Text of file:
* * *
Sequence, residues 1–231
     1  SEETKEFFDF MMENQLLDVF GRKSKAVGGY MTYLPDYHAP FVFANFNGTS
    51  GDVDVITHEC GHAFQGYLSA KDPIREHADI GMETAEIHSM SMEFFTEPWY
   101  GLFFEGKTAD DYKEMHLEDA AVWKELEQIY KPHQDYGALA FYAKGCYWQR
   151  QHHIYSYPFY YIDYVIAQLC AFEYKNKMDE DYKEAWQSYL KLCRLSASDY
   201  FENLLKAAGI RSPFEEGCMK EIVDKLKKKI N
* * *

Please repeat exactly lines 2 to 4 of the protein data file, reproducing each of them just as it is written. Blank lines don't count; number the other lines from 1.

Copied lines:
     1  SEETKEFFDF MMENQLLDVF GRKSKAVGGY MTYLPDYHAP FVFANFNGTS
    51  GDVDVITHEC GHAFQGYLSA KDPIREHADI GMETAEIHSM SMEFFTEPWY
   101  GLFFEGKTAD DYKEMHLEDA AVWKELEQIY KPHQDYGALA FYAKGCYWQR